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The 1980s opened with many developing countries facing debt-service payments that exceeded new loans, while the recession curtailed market opportunities in industrialised nations. The result was a serious balance-of-payments and debt crisis, along with a decline in real terms in per-capital income. Structural adjustments, i.e. a reduction in public spending and deregulation of economic policies, were implemented in an attempt to deal with the debt crisis.
In 1986, the Federal Council presented the third message on the continuation of economic and trade-policy measures to the Parliament. Taking the example of trade, the document went into considerable detail on the interdependence between industrial and developing countries. The preferred instruments remained mixed credits, balance-of-payments assistance, commodity and trade promotion and campaigns to support the use of private-sector funds for industrialisation. These were deployed either individually or combined with each other. Almost two-thirds of the funds were earmarked for mixed credits, invested in energy, telecommunications and industrial projects. The upper limit for recipient countries was raised from a per-capita income of USD 1,000 to 1,430.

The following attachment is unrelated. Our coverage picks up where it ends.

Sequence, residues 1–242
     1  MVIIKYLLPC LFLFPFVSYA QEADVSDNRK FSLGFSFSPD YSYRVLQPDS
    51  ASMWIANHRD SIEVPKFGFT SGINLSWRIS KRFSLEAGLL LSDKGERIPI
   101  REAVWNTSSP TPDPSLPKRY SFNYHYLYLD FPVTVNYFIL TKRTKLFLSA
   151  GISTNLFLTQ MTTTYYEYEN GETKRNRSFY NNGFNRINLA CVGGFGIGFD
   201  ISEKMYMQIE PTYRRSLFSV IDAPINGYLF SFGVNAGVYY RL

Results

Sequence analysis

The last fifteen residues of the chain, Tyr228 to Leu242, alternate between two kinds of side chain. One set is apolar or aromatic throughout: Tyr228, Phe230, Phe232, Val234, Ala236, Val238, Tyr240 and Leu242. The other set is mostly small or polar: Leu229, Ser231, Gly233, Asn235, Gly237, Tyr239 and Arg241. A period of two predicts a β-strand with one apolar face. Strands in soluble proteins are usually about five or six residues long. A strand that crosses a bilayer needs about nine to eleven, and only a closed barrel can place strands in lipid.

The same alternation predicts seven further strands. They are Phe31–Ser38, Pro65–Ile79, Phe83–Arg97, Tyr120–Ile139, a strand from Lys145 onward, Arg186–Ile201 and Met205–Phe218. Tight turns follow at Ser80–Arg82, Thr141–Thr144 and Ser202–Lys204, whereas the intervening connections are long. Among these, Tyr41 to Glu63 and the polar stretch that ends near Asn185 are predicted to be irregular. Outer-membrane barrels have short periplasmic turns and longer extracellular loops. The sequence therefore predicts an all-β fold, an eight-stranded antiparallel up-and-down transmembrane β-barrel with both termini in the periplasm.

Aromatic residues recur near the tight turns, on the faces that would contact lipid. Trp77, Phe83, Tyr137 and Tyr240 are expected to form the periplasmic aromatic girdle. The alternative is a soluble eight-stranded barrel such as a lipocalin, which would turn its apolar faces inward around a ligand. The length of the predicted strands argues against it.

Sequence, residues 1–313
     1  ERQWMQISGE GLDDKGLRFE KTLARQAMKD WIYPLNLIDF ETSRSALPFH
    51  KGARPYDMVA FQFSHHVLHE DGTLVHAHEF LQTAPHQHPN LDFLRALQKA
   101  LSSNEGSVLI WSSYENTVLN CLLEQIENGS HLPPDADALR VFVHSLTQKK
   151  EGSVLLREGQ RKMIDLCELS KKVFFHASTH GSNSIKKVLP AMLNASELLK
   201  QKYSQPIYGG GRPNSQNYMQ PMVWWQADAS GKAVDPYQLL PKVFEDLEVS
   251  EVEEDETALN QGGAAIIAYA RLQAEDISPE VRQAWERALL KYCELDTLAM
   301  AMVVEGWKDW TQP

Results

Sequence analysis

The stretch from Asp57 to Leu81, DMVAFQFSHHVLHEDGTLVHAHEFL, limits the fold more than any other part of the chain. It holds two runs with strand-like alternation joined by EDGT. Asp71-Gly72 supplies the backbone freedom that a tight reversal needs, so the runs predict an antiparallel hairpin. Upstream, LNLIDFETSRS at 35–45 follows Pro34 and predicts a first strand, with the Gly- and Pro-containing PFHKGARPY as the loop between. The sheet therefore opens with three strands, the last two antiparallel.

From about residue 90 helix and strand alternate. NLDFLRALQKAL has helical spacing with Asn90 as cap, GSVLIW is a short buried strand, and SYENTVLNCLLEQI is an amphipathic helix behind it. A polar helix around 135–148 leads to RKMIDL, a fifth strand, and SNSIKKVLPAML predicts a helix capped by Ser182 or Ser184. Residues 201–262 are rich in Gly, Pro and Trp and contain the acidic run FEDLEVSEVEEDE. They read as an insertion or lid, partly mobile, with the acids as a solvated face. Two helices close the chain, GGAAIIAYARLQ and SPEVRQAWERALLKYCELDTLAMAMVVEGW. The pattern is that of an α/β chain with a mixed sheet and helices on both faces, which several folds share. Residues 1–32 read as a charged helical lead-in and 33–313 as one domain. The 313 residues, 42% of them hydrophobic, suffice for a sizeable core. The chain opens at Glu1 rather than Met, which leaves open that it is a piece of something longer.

The quality of the projects was secured through early participation in formulating the project, e.g. by means of technical missions as well as close contact with the recipient countries and with the Swiss industry. For the first time, specific projects were also assessed by private consultants through field studies or desk research. Such appraisals of achievement of objecives were used to draw lessons for the formulation of future projects.
As 1989 came to a close and the Berlin Wall came down, the Federal Council proposed a credit facility of 250 million francs to finance immediate aid for the former eastern-bloc countries.
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